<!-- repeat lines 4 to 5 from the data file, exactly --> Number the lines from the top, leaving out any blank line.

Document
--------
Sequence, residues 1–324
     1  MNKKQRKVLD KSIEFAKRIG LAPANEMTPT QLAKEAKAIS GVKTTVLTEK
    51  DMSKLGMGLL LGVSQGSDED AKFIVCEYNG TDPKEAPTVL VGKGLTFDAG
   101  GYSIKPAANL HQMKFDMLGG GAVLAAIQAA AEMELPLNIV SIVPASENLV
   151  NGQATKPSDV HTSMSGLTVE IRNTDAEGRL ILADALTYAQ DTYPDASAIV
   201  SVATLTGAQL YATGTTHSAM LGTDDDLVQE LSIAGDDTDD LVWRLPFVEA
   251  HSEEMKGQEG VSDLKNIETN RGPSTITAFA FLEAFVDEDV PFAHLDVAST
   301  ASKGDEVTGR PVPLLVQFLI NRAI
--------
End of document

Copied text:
   101  GYSIKPAANL HQMKFDMLGG GAVLAAIQAA AEMELPLNIV SIVPASENLV
   151  NGQATKPSDV HTSMSGLTVE IRNTDAEGRL ILADALTYAQ DTYPDASAIV